Cover image for Knowing and Being: A Postmodern Reversal By James  R. Mensch

Knowing and Being

A Postmodern Reversal

James R. Mensch

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$35.95 | Paperback Edition
ISBN: 978-0-271-02577-3

244 pages
6" × 9"
1996

Knowing and Being

A Postmodern Reversal

James R. Mensch

“This is an original, clearly argued analysis of crucial issues in the transition from modernity to postmodernity.”

 

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Everyone knows that "postmodernism" implies pluralism, anti-foundationalism, and, generally,a postnormative view of the self and reality. While many embrace it, few bother to tell us what is wrong with modernity. What are the problems that brought about its crisis and ultimate demise as a philosophical and cultural movement? What are the lessons for the postmodern movement that can he drawn from them?

James Mensch here explains why modernism failed as a viable philosophical enterprise and how postmodernism must be understood if it is to serve as a defensible intellectual project in its stead. The heart of Mensch's argument is a reversal of the modernist view of the unitary subject as a ground of epistemological and ethical normativity. He substitutes for modernism a view, beholden to Aristotle but adapted to for our present age, that sees subjectivity as temporality in a world where subject and object are interactive. The result is a pluralism of forms of subjectivity corresponding to the different modes of temporality brought about by the world. In a series of analyses on the nature knowing, Mensch shows how we can embrace both the perspectivism of postmodernism while avoiding the skepticism and relativism that have constantly threatened to undermine its insights.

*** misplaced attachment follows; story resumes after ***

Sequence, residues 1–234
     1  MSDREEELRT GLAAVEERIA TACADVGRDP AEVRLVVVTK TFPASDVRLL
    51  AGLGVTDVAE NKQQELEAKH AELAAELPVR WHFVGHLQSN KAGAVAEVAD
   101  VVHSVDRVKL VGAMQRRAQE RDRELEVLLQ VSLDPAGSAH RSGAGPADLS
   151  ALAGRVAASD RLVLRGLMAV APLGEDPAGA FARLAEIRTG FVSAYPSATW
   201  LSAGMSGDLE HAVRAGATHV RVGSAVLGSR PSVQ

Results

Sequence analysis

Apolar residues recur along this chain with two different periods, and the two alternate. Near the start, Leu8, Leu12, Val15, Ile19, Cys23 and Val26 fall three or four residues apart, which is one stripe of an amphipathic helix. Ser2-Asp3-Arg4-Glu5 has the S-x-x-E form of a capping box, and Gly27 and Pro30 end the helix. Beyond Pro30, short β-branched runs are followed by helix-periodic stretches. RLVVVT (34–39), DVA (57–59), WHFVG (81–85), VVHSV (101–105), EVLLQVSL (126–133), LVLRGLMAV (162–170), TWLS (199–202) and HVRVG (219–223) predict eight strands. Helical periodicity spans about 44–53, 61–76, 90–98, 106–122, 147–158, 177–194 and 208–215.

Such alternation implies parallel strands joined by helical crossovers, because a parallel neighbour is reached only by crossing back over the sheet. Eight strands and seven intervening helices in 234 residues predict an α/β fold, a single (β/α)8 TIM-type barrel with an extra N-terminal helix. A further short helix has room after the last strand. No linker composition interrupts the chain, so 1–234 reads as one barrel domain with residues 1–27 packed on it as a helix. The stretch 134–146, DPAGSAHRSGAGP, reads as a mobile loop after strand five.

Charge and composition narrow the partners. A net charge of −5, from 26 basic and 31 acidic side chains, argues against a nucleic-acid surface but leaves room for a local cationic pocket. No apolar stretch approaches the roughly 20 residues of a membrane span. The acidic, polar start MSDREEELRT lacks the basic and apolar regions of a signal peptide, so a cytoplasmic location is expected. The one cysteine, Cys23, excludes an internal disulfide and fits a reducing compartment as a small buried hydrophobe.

“This is an original, clearly argued analysis of crucial issues in the transition from modernity to postmodernity.”

James Richard Mensch is Professor of Philosophy at Saint Francis Xavier University, Antigonish, Nova Scotia. He is the author of The Beginning of the Gospel of St. John: Philosophical Perspectives (1992), and, most recently, After Modernity: Husserlian Reflections on a Philosophical Tradition (1996).

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